Authors Take On Tech Giant OpenAI For Copyright Infringement

In late spring, children’s writer Rachel Vail made a curious discovery: the imaginary worlds she had carefully conjured for her books were not just hers. ChatGPT had access to it too. When prompted, the generative artificial intelligence model, in under a minute, produced an outline for a purported sequel to one of Vail’s bestselling books, ‘Bad Best Friend,’ titling it ‘Redemption.’ Vail is one of many authors who have had their worlds intruded on by technology.

“This felt shocking, it felt like theft,” said Roxana Robinson, a novelist and former president of the Author’s Guild. “These were my characters, my story, and my world. They don’t exist outside of my mind.”

Countless incidents like this led the Author’s Guild, the country’s largest professional writer’s organization, along with 17 authors, including Vail and Robinson, to file a class action lawsuit against OpenAI, ChatGPT’s parent company, in September. The plaintiffs also include popular writers such as George RR Martin, John Grisham, Jodi Picoult, and David Baldacci, all of whom say their books have been used without their consent or payment in the training of the company’s Large Language Models (LLMs). The complaint demands that tech companies pay a licensing fee to authors — $150,000 for each copyrighted book used. For future, the Guild wants a system in place for fair compensation, urging publishers to include an AI related clause.

In its official statement, the Author’s Guild calls OpenAI’s workings identity theft on a large scale. Essentially a copyright infringement suit, the Guild claims that unlicensed eBooks were downloaded from online repositories and included in the training of generative technology. Not only did this rob fiction writers of their work, but it also opened up opportunities for bots to create unauthorized derivative works.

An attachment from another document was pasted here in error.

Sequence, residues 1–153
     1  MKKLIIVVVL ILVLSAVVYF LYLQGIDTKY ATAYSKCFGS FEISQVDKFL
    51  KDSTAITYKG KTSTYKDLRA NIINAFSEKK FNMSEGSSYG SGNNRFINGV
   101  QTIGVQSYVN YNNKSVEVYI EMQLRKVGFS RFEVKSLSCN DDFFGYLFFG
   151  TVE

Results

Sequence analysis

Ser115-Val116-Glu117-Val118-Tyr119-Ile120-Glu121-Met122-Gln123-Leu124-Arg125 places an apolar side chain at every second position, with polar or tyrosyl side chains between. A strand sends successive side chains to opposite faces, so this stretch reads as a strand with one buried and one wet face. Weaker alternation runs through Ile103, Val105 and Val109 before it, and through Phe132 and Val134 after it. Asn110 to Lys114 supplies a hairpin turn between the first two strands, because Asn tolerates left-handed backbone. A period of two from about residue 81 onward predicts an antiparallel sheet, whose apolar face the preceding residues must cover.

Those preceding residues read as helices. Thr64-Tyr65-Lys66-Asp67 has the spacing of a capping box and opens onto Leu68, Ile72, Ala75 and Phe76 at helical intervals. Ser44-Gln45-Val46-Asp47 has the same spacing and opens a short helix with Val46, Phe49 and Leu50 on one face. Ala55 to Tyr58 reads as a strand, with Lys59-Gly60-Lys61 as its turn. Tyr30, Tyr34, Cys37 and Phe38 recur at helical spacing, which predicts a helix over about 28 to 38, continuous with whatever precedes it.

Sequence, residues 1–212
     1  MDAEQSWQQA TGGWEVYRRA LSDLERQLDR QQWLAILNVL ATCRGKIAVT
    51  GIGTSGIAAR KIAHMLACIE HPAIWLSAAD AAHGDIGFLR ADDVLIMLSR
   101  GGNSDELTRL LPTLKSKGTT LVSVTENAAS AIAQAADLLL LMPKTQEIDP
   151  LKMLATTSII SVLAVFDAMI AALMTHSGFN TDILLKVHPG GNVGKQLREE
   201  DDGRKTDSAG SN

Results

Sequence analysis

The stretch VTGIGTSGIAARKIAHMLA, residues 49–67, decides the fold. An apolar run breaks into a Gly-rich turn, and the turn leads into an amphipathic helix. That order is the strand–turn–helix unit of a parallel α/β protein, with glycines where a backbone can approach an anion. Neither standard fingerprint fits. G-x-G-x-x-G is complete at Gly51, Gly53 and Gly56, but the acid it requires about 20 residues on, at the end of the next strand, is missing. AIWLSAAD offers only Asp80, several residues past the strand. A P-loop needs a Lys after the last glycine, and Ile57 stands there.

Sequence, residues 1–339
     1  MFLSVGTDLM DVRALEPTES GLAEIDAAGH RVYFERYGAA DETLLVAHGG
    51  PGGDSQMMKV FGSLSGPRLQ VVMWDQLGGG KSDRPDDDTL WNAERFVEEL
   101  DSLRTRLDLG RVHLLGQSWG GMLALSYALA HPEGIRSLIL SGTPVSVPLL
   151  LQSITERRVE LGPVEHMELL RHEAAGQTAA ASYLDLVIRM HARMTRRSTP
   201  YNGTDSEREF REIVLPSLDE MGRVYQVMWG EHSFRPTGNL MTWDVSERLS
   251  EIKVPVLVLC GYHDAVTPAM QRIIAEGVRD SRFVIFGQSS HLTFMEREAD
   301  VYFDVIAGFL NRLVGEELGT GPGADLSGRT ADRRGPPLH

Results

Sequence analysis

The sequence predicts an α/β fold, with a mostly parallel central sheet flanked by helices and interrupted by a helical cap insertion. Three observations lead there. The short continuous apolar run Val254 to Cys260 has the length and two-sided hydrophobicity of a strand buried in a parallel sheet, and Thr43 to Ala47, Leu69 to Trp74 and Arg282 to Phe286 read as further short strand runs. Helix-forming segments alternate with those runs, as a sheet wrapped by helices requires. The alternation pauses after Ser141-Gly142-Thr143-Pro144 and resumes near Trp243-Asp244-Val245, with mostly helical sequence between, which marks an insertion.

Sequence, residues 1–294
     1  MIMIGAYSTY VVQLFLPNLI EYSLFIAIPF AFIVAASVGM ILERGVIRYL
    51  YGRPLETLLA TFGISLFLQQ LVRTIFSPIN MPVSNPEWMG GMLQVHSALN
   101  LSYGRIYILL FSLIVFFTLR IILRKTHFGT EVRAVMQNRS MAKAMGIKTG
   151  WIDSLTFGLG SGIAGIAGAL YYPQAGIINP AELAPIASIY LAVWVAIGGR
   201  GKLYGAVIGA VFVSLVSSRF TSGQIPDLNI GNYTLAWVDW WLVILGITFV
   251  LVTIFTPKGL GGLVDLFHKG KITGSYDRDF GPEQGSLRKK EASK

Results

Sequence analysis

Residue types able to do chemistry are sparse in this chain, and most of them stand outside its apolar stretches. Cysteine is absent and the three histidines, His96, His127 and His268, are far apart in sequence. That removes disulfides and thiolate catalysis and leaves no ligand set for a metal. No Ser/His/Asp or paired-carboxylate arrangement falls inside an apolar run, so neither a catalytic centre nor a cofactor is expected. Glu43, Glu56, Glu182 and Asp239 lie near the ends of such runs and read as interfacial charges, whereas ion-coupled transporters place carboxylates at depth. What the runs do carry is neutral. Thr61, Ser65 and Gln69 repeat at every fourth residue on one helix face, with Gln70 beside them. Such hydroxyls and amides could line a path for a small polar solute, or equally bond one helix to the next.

The lawsuit follows a slew of actions taken by writers against artificial intelligence systems this year. In June, Kindle Direct Publishing, where writers can self-publish their books, was criticized for flooding Amazon bestseller lists with AI-generated books. In July, the Author’s Guild wrote an open letter to the CEOs of major companies calling for fair compensation to authors. Signed by more than 15,000 writers, including Margaret Atwood, Dan Brown, Suzanne Collins, and Roxane Gay, it called for fair compensation to the authors. Just last month, the Guild’s screenwriting counterpart, the Writers Guild, succeeded in keeping AI’s fingers out of their work. One of the main demands that was a part of their 148-day-long strike against Hollywood was that producers not use scripts generated or edited by Artificial Intelligence as source material for shows and movies, or force writers to use technology and mandating full disclosure when done so.

“It’s a lot of work to write a book,” said Alexander Greenwood, author of the John Pilate mystery series. “These generative AI folks value these books, or they wouldn’t use them to train. So maybe they can pay a little bit. ChatGPT, if you want to ingest my book, pay a licensing fee. I’d be thrilled.”

At a time when the median full-time author’s salary hovered around $20,000 in 2022, according to the Guild’s latest survey, machines that stand to make billions without paying for the very fabric of the product. This is a primary driving force that made the Guild climb court steps. Going forward, it proposes the creation of a collective organization that licenses, negotiates and distributes royalties to writers who have opted-in to the service.